Ironic fate: can a banned drug control metal heavies in neurodegenerative diseases?.
Neuron. 2003 Mar 27;37(6):889-90.
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The very interesting review article by Burdette and Lippard addresses recent advances in understanding the molecular mechanisms of metal ion function in the nervous system, including the roles of potassium, calcium, and particularly zinc in various neuronal processes. The authors propose a new term, "metalloneurochemistry" to encompass this exciting area of biological research.
One particular metal that I feel receives short shrift in the review article, however, is iron, both the part it plays in normal neuronal function and how imbalances in iron homeostasis can lead to neurological dysfunction. The authors mention it only in passing, and only in relation to its regulation of levels of the iron-storage protein ferritin and the iron-uptake molecule transferrin. Iron is an essential element for several normal metabolic functions in the brain, including as a co-factor for tyrosine hydroxylase, the rate-limiting enzyme in synthesis of the neurotransmitter dopamine (for review, see Yantiri et al., 2001; Kaur and Andersen, 2002). Deficiencies in iron during neurodevelopment are known to lead to neurobehavioral dysfunction (Connor et al; 1995). Conversely, increases in brain iron have been associated with several neurodegenerative conditions, including Parkinson's, Alzheimer's, and Huntington's disease, progressive supranuclear palsy, aceruloplasminemia, and Hallervorden-Spatz, to name but a few (e.g., Dexter et al., 1991, Connor et al., 1992, Smith et al., 1997, Gitlin et al., 1998, Janetzky et al., 1997).
Building on past work in the field, recent evidence from our laboratory suggests that genetic and/or pharmacological binding of excess iron in the brain in a manner that is well-tolerated by mammalian subjects, including humans, may be a possible preventative in Parkinson's disease (Kaur et al., 2003). This challenges the view that iron accumulation is a late-stage, irreversible event in the disorder, and gives hope that its regulation can be used for the preventative treatment of several neurological conditions.
Janetzky B, Reichmann H, Youdim MB, and Reiderer P. 1997. In Mitochondria and Free Radicals in Neurodegenerative Diseases, F. Beal, N. Howell, and I. Bodis-Wollner, eds. (Wiley-Liss Inc), pp 407-421.
Yantiri F, Gasparyan A, Andersen JK.
Glutamyl cysteine synthetase catalytic and regulatory subunits localize to dopaminergic nigral neurons as well as to astrocytes.
J Neurosci Res. 2001 Apr 15;64(2):203-6.
Kaur D, Andersen JK.
Ironing out Parkinson's disease: is therapeutic treatment with iron chelators a real possibility?.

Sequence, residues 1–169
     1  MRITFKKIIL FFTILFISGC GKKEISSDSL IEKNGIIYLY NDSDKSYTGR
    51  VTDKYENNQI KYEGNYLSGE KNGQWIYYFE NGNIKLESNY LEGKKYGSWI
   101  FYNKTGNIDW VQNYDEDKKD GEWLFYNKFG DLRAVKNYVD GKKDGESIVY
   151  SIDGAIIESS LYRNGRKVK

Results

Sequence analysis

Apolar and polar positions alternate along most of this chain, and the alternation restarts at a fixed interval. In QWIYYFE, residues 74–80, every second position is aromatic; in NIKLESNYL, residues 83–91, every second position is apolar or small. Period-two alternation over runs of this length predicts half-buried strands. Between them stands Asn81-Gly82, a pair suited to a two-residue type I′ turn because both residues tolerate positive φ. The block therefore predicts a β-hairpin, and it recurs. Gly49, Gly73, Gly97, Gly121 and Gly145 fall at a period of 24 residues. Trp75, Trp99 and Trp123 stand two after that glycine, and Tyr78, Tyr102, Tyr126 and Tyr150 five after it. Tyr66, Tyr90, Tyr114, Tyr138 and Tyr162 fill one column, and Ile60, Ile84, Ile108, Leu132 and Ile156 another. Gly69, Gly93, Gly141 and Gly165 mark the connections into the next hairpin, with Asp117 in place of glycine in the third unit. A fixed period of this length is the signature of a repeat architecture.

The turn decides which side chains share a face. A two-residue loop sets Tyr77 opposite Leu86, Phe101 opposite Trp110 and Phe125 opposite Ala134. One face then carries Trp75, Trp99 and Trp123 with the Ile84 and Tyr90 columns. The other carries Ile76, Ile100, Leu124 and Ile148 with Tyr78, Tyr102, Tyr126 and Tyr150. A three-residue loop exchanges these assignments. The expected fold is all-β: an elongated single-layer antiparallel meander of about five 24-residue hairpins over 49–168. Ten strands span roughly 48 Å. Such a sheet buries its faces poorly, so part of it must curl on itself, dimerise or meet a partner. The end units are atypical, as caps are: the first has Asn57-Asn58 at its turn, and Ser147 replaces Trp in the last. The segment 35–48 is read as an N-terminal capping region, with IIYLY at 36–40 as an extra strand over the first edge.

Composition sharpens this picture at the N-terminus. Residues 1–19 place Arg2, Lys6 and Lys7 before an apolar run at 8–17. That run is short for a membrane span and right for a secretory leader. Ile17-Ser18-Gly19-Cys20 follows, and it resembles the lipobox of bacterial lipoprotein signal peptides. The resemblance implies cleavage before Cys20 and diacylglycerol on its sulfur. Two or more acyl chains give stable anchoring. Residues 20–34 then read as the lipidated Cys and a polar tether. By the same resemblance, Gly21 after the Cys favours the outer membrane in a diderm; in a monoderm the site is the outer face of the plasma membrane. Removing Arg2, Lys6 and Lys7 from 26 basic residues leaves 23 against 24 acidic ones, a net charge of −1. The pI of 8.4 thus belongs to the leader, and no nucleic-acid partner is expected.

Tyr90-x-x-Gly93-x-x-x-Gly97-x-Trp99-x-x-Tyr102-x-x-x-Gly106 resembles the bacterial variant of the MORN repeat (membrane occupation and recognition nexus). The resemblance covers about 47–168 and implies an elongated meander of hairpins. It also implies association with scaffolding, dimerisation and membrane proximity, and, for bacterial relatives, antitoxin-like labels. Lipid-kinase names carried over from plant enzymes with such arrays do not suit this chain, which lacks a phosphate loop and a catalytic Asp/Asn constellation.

Aging Cell. 2002 Oct;1(1):17-21.
Dexter DT, Carayon A, Javoy-Agid F, Agid Y, Wells FR, Daniel SE, Lees AJ, Jenner P, Marsden CD.
Alterations in the levels of iron, ferritin and other trace metals in Parkinson's disease and other neurodegenerative diseases affecting the basal ganglia.
Brain. 1991 Aug;114 ( Pt 4):1953-75.
Connor JR, Snyder BS, Beard JL, Fine RE, Mufson EJ.
Regional distribution of iron and iron-regulatory proteins in the brain in aging and Alzheimer's disease.
J Neurosci Res. 1992 Feb;31(2):327-35.
Connor JR, Snyder BS, Arosio P, Loeffler DA, Lewitt P.
A quantitative analysis of isoferritins in select regions of aged, parkinsonian, and Alzheimer's diseased brains.
J Neurochem. 1995 Aug;65(2):717-24.
Smith MA, Harris PL, Sayre LM, Perry G.
Iron accumulation in Alzheimer disease is a source of redox-generated free radicals.
Proc Natl Acad Sci U S A. 1997 Sep 2;94(18):9866-8.
Pediatr Res. 1998 Sep;44(3):271-6.
Kaur D, Yantiri F, Rajagopalan S, Kumar J, Mo JQ, Boonplueang R, Viswanath V, Jacobs R, Yang L, Beal MF, Dimonte D, Volitaskis I, Ellerby L, Cherny RA, Bush AI, Andersen JK.
Genetic or pharmacological iron chelation prevents MPTP-induced neurotoxicity in vivo: a novel therapy for Parkinson's disease.
Neuron. 2003 Mar 27;37(6):899-909.
Chelation, Metals and Parkinson’s Disease
This paper by Julie Andersen and colleagues highlights the importance of iron in the pathogenesis of Parkinson’s disease (PD). Reduction of reactive iron in the brains of mice either by genetic (overexpression of ferritin) or by pharmacological (metal ion chelation) intervention protected against the Parkinson-inducing effects of MPTP administration. The beneficial actions of clioquinol on the substantia nigra were attributed to a decrease in bioavailable iron and a decrease in oxidative stress. These results suggest the chelation of reactive iron to be a promising therapy for this disease. Further studies will no doubt determine if iron chelation can slow or stabilize disease progression, or its prophylactic use can offset the disease. Iron chelation may, however, only be palliative, since such therapies are unlikely to attack the underlying cause of the disease, i.e., what causes the accumulation of iron in the first place.
The use of clioquinol to decrease the toxic effects of redox metal ions will also be of great interest to Alzheimer’s disease, since both redox metal ions and oxidative stress have been implicated in the pathogenesis of the disease (Smith et al., 1997). Although the importance of each of the metal ions (iron, copper, and zinc) implicated in the disease process remains to be clarified, the administration of clioquinol to AβPP transgenic mice (Cherny et al., 2001) led to a reduction in Aβ load, reflecting on the importance of copper and zinc in the formation of pathological lesions in AβPP-transgenic mice (these metals having the highest affinity for Aβ; see Atwood et al., 2000). The study by Andersen and colleagues further suggests that clioquinol will be efficient in chelating iron from the AD brain. Taken together, these studies indicate that the use of clioquinol in AD patients could potentially neutralize copper, zinc, and iron, and prevent the oxidative stress caused by these metals. Thus, a single drug could alleviate toxicity by covering many bases in one hit.
Atwood CS, Scarpa RC, Huang X, Moir RD, Jones WD, Fairlie DP, Tanzi RE, Bush AI.